Trick serving a hillshade image from GeoServer

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When GeoServer skews the image it creates a region around the image that has value=0. This image already had nodata=255, so it can be very confusing.

I had the perfect hillshade raster ready to throw on top of my web map, I had previewed it in QGIS and the colour stretching and values looked fine.
Hillshade in QGIS

I then loaded it into GeoServer and it looked great in the OpenLayers Layer Preview window as well.

However, once I added it as a WMS layer in a Leaflet map, I got really confused.  Even though I had my NODATA=255 parameters seemingly working well there appeared a small strip around the outside of the image that was obnoxious.

When GeoServer skews the image it creates a region around the image that has value=0.  This image already had nodata=255, so it can be very confusing.
When GeoServer skews the image it creates a region around the image that has value=0. This image already had nodata=255, so it can be very confusing.

I figured I could change it with an SLD but hadn’t done it before so it took a while to figure out.  For a couple hours I tried various permutations of the default “raster” Style, but with no luck.  The image, otherwise, looked great so the Style obviously wasn’t a real problem in and of itself.

The trick came when I realised that I need to set my color maps for the gray band explicitly.  Up to this point no particular band had been isolated for color mapping.  I found the right place to put the elements in the SLD and all worked out well.

My takeaway: there must be a better way to develop SLD for rasters.  The options in the GeoServer docs are amazing and exciting, but trying to fit them into a specific context has always been a challenge for me.  That’s why I had to write this down, but I’m sure I’ll have to remember it all again a year from now!

Note there is no skewed "collar" around the image as value=0 is ignored.
Note there is no skewed “collar” around the image as value=0 is ignored.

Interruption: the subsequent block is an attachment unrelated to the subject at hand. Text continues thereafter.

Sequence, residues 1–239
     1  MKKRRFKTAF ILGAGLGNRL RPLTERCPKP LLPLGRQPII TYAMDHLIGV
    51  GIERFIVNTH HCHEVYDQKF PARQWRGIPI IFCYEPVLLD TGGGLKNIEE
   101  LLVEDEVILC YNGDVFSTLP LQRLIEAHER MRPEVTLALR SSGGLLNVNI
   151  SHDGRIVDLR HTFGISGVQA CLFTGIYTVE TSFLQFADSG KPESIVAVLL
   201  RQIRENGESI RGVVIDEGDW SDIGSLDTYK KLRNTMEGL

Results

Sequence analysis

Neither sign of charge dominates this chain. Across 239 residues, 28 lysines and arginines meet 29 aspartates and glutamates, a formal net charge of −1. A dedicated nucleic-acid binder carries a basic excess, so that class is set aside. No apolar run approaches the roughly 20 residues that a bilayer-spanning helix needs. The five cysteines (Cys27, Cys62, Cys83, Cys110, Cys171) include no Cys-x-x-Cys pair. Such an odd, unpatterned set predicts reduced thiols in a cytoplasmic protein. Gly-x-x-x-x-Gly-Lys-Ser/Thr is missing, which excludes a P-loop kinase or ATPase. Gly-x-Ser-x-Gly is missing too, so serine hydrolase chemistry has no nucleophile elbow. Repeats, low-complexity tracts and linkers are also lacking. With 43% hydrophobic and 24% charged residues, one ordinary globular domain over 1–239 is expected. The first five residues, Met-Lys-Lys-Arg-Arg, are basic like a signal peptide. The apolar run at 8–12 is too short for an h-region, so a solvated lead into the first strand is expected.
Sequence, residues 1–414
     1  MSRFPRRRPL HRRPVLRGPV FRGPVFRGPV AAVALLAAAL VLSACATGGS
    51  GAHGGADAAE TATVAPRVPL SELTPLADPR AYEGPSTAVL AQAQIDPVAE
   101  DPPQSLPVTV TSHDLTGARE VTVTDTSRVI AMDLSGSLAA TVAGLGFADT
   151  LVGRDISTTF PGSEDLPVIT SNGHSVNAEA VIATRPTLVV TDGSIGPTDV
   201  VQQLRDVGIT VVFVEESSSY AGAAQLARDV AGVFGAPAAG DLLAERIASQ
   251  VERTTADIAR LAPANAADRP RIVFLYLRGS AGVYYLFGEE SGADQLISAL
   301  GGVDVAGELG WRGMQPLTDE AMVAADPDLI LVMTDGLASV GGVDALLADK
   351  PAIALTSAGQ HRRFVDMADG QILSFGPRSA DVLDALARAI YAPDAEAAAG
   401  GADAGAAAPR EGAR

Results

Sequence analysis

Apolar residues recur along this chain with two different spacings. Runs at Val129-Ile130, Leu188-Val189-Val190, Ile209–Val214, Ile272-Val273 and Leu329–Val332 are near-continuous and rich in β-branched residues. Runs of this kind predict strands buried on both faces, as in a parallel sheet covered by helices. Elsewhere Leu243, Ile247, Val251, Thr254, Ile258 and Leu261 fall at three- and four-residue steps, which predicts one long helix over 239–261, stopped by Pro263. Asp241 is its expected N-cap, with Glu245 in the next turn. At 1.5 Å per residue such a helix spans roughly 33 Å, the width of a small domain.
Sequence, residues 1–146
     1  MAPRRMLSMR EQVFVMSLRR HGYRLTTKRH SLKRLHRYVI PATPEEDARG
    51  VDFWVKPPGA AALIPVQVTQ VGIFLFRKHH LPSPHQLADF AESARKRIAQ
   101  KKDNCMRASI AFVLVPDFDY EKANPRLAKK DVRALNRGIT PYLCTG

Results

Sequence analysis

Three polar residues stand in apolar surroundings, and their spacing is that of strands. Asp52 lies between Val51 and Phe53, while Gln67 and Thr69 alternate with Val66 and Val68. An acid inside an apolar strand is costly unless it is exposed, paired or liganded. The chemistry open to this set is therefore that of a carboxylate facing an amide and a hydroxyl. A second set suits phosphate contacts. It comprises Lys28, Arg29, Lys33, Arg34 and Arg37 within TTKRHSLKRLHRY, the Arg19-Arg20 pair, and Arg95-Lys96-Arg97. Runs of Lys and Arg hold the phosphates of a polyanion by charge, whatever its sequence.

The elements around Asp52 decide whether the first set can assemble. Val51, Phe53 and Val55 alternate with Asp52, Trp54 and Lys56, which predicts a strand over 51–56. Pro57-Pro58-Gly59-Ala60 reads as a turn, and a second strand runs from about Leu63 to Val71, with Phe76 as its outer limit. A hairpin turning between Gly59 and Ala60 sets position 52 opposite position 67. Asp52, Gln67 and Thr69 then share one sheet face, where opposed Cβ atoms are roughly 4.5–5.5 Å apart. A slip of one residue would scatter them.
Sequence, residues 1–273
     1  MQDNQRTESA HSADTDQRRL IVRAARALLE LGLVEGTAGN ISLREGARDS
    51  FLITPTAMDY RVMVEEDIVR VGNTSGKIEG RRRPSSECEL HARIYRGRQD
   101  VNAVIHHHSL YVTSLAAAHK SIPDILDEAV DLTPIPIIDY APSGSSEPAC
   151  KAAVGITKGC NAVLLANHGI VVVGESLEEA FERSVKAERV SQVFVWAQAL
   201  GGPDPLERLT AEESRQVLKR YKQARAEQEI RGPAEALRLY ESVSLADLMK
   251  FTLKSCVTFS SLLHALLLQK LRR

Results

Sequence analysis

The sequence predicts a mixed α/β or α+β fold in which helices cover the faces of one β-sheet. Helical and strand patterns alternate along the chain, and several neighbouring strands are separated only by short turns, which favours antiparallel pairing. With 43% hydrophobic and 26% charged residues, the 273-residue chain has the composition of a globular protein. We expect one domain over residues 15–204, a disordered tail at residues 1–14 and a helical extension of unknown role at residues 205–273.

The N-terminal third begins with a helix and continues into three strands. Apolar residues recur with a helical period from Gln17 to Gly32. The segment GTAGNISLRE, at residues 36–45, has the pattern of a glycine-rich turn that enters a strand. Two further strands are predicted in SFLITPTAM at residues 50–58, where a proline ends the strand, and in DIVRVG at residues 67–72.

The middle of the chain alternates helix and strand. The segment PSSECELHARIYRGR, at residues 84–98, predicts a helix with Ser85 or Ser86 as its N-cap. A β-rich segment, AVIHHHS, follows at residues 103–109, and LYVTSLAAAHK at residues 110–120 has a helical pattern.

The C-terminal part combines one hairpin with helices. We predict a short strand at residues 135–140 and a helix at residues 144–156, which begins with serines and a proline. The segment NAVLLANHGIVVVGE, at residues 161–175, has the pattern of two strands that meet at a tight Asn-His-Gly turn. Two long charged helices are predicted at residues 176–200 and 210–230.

My SLD:

 

 

Geospatial Power Tools Reviews [Book]

Thinking of buying my latest book?  We’ve finally got a few reviews on Amazon that might help you decide.  See my other post for more about the book.  Buy the PDF on Locate Press.com.

Reader Reviews

Geospatial Power Tools book cover
From Amazon.com

5.0 out of 5 stars This book makes a great reference manual for using GDAL/OGR suite of command line …,
January 24, 2015 By Leo Hsu
“The GDAL Toolkit is chuckful of ETL commandline tools for working with 100s of spatial (and not so spatial data sources). Sadly the GDAL website only provides the basic API command switches with very few examples to get a user going with. I was really excited when this book was announced and purchased as soon as it came out. This book makes a great reference manual for using GDAL/OGR suite of command line utilities.
Several chapters are devoted to each commandline tool, explaining what its for, the switches it has, and several examples of how to use each one. You’ll learn how to work with both vector/(basic data no vector) data sources and how to convert from one vector format to another. You’ll also learn how to work with raster data and how to transform from one raster data source to another as well as various operations you can perform on these.”

 

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